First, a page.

I can also say this: the Myanmar junta is not safe and secure because of their massacre; the Chinese government has been paying a slow but real price for Tiananmen (and Zhao Ziyang’s memoirs just came out, which really stung), and trying to assuage the Chinese people with prosperity (which isn’t a bad thing, mostly). Just because they survive in the short term doesn’t mean that they were unscathed; just because our lives go on doesn’t mean we forget or forgive; just because the protest ends doesn’t mean the discontent is gone.
I was also in this discussion about rhetoric and counterfactual history, but my comments don't really stand alone all that well. I did get a nice reply from one of the other commenters, though:
Gosh, you're smart but snotty as hell. Though I suppose that is part of your charm.
I have snotty charm!
Friday, June 19, 2009
Wednesday, June 17, 2009
It really is remarkable, but there are a lot of other forms of communication still working, too: phones (including land lines!), copy machines (seriously underappreciated for their role in breaking down Soviet thought control), personal communication.
Twitter, though, is visible to the rest of the world, and much harder to filter quickly than blogs. Still, I’m actually concerned, a bit, about this: it leaves a record, one that’s very difficult to erase, and if the regime regains control, there will be a vicious backlash against identifiable twitterers.
Update: Apparently I'm not wrong.
Tuesday, June 16, 2009
In theory, then, the Obama administration ought to announce immediately and loudly that it accepts the results of the election as announced, and is looking forward to working with Ahmedinijad on critical regional and bilateral issues.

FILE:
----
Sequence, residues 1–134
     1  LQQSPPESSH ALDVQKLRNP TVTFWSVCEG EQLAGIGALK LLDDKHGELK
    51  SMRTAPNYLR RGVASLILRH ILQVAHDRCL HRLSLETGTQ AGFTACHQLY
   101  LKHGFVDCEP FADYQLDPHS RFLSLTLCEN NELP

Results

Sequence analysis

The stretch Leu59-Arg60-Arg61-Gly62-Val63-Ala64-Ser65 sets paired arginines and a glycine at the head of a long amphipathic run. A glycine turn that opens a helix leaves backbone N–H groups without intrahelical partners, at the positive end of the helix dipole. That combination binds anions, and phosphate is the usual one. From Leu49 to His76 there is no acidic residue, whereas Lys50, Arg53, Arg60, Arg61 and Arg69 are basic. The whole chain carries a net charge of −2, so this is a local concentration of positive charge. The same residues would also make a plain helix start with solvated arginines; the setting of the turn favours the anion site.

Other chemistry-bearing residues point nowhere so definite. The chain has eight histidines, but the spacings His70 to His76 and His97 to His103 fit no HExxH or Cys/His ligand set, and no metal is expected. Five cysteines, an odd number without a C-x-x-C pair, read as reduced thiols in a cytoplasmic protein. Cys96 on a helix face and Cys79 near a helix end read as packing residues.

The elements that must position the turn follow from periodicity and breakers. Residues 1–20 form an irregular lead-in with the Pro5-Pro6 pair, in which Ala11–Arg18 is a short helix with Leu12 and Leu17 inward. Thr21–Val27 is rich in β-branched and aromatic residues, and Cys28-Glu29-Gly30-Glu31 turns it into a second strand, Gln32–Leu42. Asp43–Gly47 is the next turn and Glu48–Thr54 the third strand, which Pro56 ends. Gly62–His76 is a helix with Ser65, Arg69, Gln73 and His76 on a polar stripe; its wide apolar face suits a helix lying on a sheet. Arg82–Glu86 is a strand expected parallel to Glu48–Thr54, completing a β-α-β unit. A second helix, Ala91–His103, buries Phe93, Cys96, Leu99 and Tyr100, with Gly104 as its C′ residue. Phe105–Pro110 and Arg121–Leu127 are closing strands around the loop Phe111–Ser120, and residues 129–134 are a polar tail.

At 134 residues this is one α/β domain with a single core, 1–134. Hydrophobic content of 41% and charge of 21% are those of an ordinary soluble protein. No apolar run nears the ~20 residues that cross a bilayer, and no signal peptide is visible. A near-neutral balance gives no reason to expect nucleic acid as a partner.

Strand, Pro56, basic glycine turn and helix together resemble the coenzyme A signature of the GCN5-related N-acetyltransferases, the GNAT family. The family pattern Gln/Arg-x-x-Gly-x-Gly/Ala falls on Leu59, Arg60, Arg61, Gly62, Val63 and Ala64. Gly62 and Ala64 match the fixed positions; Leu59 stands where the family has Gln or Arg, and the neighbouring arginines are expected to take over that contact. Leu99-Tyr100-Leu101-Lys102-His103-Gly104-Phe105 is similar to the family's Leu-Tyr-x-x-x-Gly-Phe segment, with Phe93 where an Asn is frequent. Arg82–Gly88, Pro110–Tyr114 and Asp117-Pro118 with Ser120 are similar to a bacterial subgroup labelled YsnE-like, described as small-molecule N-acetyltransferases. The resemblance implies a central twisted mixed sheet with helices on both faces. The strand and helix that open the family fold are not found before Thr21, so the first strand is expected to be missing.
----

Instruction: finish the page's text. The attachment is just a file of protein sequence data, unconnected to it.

This would result in the implosion of any number of crania, probably to the good.
Actually, it probably should be "cranii."
For more detail on the uprising in Iran, see Andrew Sullivan. But be forewarned: he has a policy of showing violent and disturbing images, if they're real and relevant.
Saturday, June 13, 2009
Wednesday, June 10, 2009
Around the world, the Jewish people were persecuted for centuries, and anti-Semitism in Europe culminated in an unprecedented Holocaust. Tomorrow, I will visit Buchenwald, which was part of a network of camps where Jews were enslaved, tortured, shot and gassed to death by the Third Reich. Six million Jews were killed — more than the entire Jewish population of Israel today. Denying that fact is baseless, it is ignorant, and it is hateful.
Nothing else I'm thinking is printable.
Tuesday, June 09, 2009
on Winchester: “Judeo-Calvinist dreariness”?????
It’s bad enough we get folded in with Christendom, but you’d think the culture that produced the Song of Songs would get an exemption from accusations of Calvinst Victorianism.
[Yes, I know "Calvinist Victorianism" is a linguistic and historical atrocity. That's my point.]
Sunday, June 07, 2009
There have been three fairly prominent pseudonymous bloggers outed in the last two months (Hilzoy, Alaska Muckraker, and now Publius),